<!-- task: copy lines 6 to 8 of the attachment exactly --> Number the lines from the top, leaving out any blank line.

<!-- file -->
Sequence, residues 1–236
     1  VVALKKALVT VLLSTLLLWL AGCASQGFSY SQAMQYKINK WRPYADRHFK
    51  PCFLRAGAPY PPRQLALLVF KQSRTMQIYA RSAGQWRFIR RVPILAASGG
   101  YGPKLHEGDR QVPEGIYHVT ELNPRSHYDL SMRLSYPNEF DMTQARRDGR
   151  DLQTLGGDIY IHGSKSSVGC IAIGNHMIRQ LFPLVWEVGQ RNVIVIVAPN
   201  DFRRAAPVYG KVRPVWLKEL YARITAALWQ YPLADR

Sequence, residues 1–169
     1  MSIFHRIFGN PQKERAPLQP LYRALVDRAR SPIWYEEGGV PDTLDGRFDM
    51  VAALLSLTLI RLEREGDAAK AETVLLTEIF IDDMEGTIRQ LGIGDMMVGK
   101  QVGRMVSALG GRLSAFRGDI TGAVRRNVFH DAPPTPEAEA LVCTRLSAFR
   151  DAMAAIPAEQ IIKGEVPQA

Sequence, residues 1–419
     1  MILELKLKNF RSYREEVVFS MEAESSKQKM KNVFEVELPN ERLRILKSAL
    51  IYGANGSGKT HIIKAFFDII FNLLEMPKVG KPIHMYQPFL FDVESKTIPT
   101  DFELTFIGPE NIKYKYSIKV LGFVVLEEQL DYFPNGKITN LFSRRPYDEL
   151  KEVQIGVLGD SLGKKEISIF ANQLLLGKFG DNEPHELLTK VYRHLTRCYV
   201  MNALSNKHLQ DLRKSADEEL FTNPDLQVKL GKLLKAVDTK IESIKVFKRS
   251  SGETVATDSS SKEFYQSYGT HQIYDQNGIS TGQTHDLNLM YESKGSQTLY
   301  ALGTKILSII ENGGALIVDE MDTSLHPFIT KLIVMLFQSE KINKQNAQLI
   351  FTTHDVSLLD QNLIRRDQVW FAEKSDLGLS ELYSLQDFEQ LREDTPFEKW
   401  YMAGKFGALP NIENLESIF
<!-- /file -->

   201  DFRRAAPVYG KVRPVWLKEL YARITAALWQ YPLADR

Sequence, residues 1–169
     1  MSIFHRIFGN PQKERAPLQP LYRALVDRAR SPIWYEEGGV PDTLDGRFDM